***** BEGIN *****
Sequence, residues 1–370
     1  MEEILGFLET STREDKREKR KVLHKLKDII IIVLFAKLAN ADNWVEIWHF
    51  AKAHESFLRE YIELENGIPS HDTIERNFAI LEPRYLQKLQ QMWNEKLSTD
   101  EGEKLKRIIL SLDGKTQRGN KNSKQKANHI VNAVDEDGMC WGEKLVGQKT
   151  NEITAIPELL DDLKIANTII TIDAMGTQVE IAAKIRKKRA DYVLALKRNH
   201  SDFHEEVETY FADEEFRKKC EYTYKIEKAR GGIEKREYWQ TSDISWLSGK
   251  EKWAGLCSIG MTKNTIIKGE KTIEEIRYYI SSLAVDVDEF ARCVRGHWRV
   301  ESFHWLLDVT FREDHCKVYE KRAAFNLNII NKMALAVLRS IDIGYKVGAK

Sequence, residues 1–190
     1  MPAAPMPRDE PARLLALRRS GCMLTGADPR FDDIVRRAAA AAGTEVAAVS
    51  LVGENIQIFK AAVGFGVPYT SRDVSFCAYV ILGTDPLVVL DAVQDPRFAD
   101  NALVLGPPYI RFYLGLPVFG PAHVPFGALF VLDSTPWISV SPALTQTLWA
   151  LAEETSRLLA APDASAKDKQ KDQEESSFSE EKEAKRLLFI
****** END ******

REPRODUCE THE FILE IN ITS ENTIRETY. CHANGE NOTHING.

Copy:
Sequence, residues 1–370
     1  MEEILGFLET STREDKREKR KVLHKLKDII IIVLFAKLAN ADNWVEIWHF
    51  AKAHESFLRE YIELENGIPS HDTIERNFAI LEPRYLQKLQ QMWNEKLSTD
   101  EGEKLKRIIL SLDGKTQRGN KNSKQKANHI VNAVDEDGMC WGEKLVGQKT
   151  NEITAIPELL DDLKIANTII TIDAMGTQVE IAAKIRKKRA DYVLALKRNH
   201  SDFHEEVETY FADEEFRKKC EYTYKIEKAR GGIEKREYWQ TSDISWLSGK
   251  EKWAGLCSIG MTKNTIIKGE KTIEEIRYYI SSLAVDVDEF ARCVRGHWRV
   301  ESFHWLLDVT FREDHCKVYE KRAAFNLNII NKMALAVLRS IDIGYKVGAK

Sequence, residues 1–190
     1  MPAAPMPRDE PARLLALRRS GCMLTGADPR FDDIVRRAAA AAGTEVAAVS
    51  LVGENIQIFK AAVGFGVPYT SRDVSFCAYV ILGTDPLVVL DAVQDPRFAD
   101  NALVLGPPYI RFYLGLPVFG PAHVPFGALF VLDSTPWISV SPALTQTLWA
   151  LAEETSRLLA APDASAKDKQ KDQEESSFSE EKEAKRLLFI